A Calgary MP is asking the federal health minister to study the potential benefits or harms of “poppers” – a drug used primarily by men who have sex with men – with the possible outcome of creating a safe supply.
Because of the widespread use of poppers or alkyl nitrite, their safety has not been adequately studied or considered, Michelle Remple Garner, MP for Calgary News Hill, said in a letter to Federal Health Minister Patty Hajdu.
“The lack of research and attention to this issue is likely related, at least in part, to the stigmatization of LGBTQ healthcare,” Rimble Garner wrote in the letter sent Monday.
“The use of drugs used as sexual aids has been normalized in other scenarios (for example, Viagra, which is used to treat erectile dysfunction). However, discussion of pharmaceutical sexual aids for use in heterosexual situations, such as alkyl nitrite, is sometimes still subject to the situation. Moral in public discourse.
Poppers have been primarily banned in Canada since 2013. They are classified as a prescription drug, meaning they cannot be sold without Health Canada approval, and no products have been approved.
The move pushed the drugs into the gray market — products illegally marketed as skin cleaners or nail polish removers though they are inhaled by users to relax muscles, reduce pain and increase sexual pleasure.
Study suggests federal repression puts men at risk
A study last year from the British Columbia Center on Substance Use indicated that the federal crackdown did not limit consumption and instead Endangering men of sexual minorities By restricting access and leaving unregulated and potentially harmful products as the only option.
“The evidence is clear that this ban on poppers is discriminatory and ineffective and must be reversed,” Richard Elliott, executive director of the Canadian HIV/AIDS Legal Network, said in a statement at the time.
Len Tooley with community research center (CBRC), which is campaigning for Health Canada to review its position on the drug based on existing scientific evidence.
“The current kind of ban on poppers is preventing people from actually having access to a safe supply that they know what they are getting,” Tooley said.
Tooley knows this firsthand. About a decade ago, he began to suffer from retinal atrophy – a type of vision loss that he eventually traced back to the use of a particular formulation of poppers.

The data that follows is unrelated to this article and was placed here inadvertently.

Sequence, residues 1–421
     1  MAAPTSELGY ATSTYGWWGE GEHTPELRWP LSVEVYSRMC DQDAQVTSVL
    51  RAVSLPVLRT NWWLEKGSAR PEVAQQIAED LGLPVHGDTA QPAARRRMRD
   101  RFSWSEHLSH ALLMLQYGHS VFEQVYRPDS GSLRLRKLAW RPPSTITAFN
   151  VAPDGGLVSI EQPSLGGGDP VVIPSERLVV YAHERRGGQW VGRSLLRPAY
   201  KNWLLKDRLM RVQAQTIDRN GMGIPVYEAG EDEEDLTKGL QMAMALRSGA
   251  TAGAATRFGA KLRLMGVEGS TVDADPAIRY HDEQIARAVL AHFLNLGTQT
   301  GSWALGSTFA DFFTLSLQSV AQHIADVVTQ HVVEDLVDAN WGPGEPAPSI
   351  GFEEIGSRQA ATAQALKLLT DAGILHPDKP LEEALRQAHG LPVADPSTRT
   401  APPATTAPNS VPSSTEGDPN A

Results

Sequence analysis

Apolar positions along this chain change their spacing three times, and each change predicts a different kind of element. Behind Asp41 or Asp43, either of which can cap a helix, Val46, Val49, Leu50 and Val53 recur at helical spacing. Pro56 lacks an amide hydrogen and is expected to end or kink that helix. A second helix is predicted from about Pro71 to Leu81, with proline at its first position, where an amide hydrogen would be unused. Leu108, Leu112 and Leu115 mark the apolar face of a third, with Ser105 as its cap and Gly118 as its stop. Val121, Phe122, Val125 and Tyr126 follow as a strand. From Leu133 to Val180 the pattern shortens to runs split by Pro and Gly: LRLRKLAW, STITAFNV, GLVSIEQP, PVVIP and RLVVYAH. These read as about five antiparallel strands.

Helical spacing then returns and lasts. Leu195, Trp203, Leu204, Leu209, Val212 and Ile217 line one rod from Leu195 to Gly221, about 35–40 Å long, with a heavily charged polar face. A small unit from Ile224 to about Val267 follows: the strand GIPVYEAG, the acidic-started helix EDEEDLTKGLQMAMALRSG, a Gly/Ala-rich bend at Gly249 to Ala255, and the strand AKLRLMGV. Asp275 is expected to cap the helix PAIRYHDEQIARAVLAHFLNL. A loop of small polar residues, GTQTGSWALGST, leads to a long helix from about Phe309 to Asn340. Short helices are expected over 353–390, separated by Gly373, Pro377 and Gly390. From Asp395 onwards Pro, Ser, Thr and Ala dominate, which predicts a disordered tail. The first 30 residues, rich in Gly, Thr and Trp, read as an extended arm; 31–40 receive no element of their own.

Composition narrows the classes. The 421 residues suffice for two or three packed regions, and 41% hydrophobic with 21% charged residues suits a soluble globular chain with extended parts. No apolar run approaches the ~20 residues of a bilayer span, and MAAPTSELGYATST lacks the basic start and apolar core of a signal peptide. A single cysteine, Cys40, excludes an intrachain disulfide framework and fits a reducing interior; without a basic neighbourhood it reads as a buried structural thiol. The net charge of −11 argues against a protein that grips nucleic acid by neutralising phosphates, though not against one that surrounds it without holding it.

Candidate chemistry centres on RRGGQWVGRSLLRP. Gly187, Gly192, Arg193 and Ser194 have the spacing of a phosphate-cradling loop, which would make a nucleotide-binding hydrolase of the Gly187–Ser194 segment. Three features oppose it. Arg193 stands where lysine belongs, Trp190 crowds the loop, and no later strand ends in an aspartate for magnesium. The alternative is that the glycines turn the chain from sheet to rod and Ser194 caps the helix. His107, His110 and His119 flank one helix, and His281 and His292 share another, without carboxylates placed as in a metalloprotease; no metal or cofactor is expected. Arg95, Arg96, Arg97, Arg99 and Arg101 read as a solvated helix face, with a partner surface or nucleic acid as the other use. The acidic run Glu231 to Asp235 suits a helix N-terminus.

The CBRC conducts an annual census of men who have sex with men, which found that one in three Canadian men surveyed reported using poppers in the past six months.
Health Canada said that because how much of the drug is inhaled is difficult to control, it can cause an accidental overdose. Health Canada said that people with certain medical conditions or taking other medications are at increased risk.
“The line we seem to get from Health Canada is that there are risks associated with poppers and therefore poppers should not be used. But if you look at alcohol, tobacco and cannabis, we know there are risks associated with these substances…but that is not used as a justification to ban those substances” .
“I think there are quite a few double standards with respect to which subjects are worthwhile…and which ones are not. And, you know, it’s not necessarily surprising that Poppers, being more closely related to the queer community, are subject to quite a few double standards there.”
Rempel Garner has asked Health Canada to conduct a comprehensive study of the drug’s harms and benefits in collaboration with LGBTQ+ community leaders.
If the medical findings are deemed appropriate, she said, the study should lead to the establishment of a system of safe access and supply, as well as a public education campaign about safe use.
The MP pointed to Australia, which recently allowed prescription-only access to alkyl nitrite. This decision was controversial in the country. While it is expected to create a safe pathway to access, some LGBTQ+ advocates have expressed concerns that it could cause stigma to an already marginalized community.
Tooley said another issue with Australia’s policy is that no domestic manufacturers of poppers have jumped through regulatory hurdles to sell the products, something he worries may happen in Canada as well.
“In my view, the most sensible policy position would be to treat poppers in a similar way to how we treat alcohol… which is a consumer product, allowing product packaging to accurately describe use. Overall, that would, I think, prevent a lot of potential harm.”
CBC has reached out to Hajdu’s office for comment.